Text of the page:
View Full Version : Drawing for the complete and utter beginer

November 12th, 2008, 04:27 PM
ive always loved to draw and do art ever since i was little but ive never been any good at it at all. ive always sucked and only ever been able to draw ugly little stick figures. but ive always wanted to draw. to be able to get the images and pictures in my head on paper in a way that writing never could do for me. to be able to do the illistrations for my stories they way i invision them that no hired artist could ever really do.
ive used diffrent kinds of 'how to draw' books over the years and so my art has improved some but not alot. but now after doing a bit of searching on amazon and stuff ive found a book that i hope will help me. ive read the reviews for it and everyone says its a really great book for begining artists and that they've improved alot on their art after using it and so i hope it will help me.
please wish me luck on my new artistic adventure. im gonna need all the help i can get!:toofless:

November 12th, 2008, 04:53 PM
Good luck to you.

Is any of your work posted where it could be seen? It's rare that anyone is passionate about their art but still insists they see no merit in their productions. So I'd be curious to see what you're talking about...

November 12th, 2008, 06:02 PM
yea i got it posted.

November 12th, 2008, 07:21 PM
Well, the single example you post is unpracticed, yes, but not dreadful. You need to work, is all. A thousand drawings from now, compare your skills then to your skills now.

Unfetter yourself. Draw with your eyes closed, with just a mental picture. Draw with your left hand if you're right-handed, with your right if you're a lefty. Draw while looking at your paper in a mirror.

Exercise with paint instead of pencils. Use no black. Allow yourself no outlines, only blocks of color. Push charcoal around on paper with your fingers. Cover a sheet with several colors and make an image with water, by removing color.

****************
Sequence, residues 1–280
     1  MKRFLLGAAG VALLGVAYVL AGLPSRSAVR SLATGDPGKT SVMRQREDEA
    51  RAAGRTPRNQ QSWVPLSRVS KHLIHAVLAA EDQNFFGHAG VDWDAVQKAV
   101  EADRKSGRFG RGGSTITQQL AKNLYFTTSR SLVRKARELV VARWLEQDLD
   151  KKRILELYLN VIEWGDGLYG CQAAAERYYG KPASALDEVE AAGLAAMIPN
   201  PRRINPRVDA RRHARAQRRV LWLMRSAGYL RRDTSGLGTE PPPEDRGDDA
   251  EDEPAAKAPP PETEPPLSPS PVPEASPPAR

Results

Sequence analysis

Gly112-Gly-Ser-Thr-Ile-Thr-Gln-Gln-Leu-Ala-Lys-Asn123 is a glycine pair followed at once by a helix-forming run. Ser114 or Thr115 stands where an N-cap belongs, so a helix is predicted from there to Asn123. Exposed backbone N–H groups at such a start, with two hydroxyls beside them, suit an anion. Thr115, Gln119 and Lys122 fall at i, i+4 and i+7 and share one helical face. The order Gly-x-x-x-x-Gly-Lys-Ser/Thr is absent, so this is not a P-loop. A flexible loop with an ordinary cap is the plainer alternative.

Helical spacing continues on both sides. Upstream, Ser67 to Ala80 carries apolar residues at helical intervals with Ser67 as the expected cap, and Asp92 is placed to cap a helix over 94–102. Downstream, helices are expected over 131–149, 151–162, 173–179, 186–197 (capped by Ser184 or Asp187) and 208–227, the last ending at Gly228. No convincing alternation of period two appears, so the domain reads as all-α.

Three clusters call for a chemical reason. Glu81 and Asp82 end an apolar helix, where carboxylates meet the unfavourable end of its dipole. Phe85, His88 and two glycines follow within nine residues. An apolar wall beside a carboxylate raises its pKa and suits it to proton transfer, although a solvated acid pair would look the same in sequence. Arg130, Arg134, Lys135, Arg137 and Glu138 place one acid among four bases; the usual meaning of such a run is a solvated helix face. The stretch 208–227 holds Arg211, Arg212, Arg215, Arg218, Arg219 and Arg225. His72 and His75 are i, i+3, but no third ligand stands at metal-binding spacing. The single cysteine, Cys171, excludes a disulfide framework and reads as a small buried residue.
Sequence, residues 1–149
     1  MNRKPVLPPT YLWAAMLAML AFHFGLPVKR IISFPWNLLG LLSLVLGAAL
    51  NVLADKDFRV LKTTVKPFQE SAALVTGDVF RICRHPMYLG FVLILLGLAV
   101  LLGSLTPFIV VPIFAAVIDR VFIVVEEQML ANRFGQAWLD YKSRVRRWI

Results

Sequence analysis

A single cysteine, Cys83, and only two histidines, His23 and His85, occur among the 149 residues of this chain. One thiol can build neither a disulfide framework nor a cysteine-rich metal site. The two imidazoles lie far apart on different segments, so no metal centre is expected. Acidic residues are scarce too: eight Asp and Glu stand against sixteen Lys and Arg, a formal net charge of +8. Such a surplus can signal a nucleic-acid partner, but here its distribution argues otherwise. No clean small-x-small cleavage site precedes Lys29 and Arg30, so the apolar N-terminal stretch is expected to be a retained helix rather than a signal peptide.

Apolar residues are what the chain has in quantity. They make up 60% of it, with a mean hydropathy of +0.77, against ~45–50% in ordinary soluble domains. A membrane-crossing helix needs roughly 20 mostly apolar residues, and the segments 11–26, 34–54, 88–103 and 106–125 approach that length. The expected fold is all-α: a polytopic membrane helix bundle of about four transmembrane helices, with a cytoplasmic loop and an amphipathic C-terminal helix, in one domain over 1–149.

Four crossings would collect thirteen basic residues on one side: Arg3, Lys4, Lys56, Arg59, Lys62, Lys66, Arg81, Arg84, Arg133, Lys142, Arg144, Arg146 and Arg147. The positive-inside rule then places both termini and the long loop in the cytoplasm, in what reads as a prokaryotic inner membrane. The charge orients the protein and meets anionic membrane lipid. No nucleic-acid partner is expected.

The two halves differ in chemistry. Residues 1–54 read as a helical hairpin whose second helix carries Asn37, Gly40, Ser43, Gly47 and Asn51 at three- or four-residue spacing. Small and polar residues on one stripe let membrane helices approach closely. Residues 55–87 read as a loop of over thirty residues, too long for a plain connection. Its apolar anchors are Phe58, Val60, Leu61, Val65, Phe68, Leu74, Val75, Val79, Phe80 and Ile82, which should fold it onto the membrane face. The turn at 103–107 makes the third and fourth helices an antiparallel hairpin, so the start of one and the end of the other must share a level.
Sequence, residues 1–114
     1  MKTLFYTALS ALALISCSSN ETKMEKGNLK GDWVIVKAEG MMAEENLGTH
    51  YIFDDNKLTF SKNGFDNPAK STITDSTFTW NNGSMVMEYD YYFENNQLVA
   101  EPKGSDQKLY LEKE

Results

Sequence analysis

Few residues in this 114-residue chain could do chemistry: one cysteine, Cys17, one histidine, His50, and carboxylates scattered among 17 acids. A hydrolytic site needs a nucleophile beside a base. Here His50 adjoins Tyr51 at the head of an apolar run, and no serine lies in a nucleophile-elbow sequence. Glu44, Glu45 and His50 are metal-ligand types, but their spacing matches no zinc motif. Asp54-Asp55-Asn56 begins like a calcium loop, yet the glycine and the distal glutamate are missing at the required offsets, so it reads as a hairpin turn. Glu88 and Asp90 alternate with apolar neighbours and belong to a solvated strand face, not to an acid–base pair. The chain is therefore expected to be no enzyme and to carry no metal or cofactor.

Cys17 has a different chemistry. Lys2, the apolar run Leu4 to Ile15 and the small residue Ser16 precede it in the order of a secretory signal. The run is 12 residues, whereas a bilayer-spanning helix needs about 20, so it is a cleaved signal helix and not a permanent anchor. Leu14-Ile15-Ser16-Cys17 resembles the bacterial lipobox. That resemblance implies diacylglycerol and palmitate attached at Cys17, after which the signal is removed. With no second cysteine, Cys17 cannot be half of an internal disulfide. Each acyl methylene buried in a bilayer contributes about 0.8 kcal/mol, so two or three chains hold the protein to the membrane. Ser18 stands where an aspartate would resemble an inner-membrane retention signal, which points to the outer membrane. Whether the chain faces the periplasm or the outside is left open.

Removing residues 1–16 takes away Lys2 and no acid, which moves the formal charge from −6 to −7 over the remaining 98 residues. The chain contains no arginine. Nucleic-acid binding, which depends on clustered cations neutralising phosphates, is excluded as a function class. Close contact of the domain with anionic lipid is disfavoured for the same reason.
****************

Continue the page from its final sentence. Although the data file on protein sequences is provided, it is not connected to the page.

Draw abstracts. Let your hands move to music. Draw while standing up, sitting down, in the dark, outside, inside, in coffee shops and movies.

Experiment with technique. Pour ink on a paper and fold it or blow on it, and then draw into the abstract shapes that result. Put a sheet on top of a speaker and let the vibrations guide your ink or paint until you see something in it. Make collages. Try impasto or other sculptural techniques. Paint and write on your body. Use mystical tools and materials.

Explore digital options. Play with Inkscape, or Blender if you want to explore 3D modeling. Don't limit yourself to trad media - tear bits of paper and glue them on chunks of plywood, then draw on them.

Many of these exercises will make you uncomfortable, but just deal with it and keep working. They are all designed to break down mental barriers and let you understand form and color in new ways. The point is to make stunning visual images and then lead the results back into your love of drawing.

Set yourself an impossible goal of ten drawings or paintings a day, or twenty. Make sure you spend almost all your time on only one or two of these, and do the balance quickly.

Write the date and time and place of creation for every image on the back, and keep them in chronological order. Examine your progress once a week, once a month. Analyze when you were doing your best, try to replicate the circumstances.

Don't expect finished works at this point in your progress, you're all about practice for the next six months or so.

You clearly are suffering from no disability, your posted sketch demonstrates that. You simply haven't done it enough. You're the noob, is all. Be patient and disciplined and Get Good.

November 13th, 2008, 01:05 AM
thanks for the tips. i'll be sure to give those a try.